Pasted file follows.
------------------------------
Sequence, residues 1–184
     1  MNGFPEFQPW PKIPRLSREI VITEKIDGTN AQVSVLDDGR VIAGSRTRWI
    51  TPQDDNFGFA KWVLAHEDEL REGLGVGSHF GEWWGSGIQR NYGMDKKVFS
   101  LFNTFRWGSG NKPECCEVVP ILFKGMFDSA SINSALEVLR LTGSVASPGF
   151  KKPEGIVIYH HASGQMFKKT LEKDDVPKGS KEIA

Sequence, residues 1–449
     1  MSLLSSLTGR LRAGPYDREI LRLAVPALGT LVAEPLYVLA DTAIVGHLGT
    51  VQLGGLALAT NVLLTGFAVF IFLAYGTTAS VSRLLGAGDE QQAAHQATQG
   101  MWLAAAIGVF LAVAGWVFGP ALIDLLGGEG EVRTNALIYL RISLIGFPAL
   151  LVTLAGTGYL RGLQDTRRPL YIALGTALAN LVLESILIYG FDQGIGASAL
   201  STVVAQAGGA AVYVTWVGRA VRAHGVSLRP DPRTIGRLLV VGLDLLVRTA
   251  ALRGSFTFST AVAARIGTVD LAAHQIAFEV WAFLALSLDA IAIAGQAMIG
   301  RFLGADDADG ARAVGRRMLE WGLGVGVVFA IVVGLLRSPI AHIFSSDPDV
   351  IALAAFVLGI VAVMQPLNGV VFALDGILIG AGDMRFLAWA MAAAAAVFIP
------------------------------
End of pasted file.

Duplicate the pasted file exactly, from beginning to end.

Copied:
Sequence, residues 1–184
     1  MNGFPEFQPW PKIPRLSREI VITEKIDGTN AQVSVLDDGR VIAGSRTRWI
    51  TPQDDNFGFA KWVLAHEDEL REGLGVGSHF GEWWGSGIQR NYGMDKKVFS
   101  LFNTFRWGSG NKPECCEVVP ILFKGMFDSA SINSALEVLR LTGSVASPGF
   151  KKPEGIVIYH HASGQMFKKT LEKDDVPKGS KEIA

Sequence, residues 1–449
     1  MSLLSSLTGR LRAGPYDREI LRLAVPALGT LVAEPLYVLA DTAIVGHLGT
    51  VQLGGLALAT NVLLTGFAVF IFLAYGTTAS VSRLLGAGDE QQAAHQATQG
   101  MWLAAAIGVF LAVAGWVFGP ALIDLLGGEG EVRTNALIYL RISLIGFPAL
   151  LVTLAGTGYL RGLQDTRRPL YIALGTALAN LVLESILIYG FDQGIGASAL
   201  STVVAQAGGA AVYVTWVGRA VRAHGVSLRP DPRTIGRLLV VGLDLLVRTA
   251  ALRGSFTFST AVAARIGTVD LAAHQIAFEV WAFLALSLDA IAIAGQAMIG
   301  RFLGADDADG ARAVGRRMLE WGLGVGVVFA IVVGLLRSPI AHIFSSDPDV
   351  IALAAFVLGI VAVMQPLNGV VFALDGILIG AGDMRFLAWA MAAAAAVFIP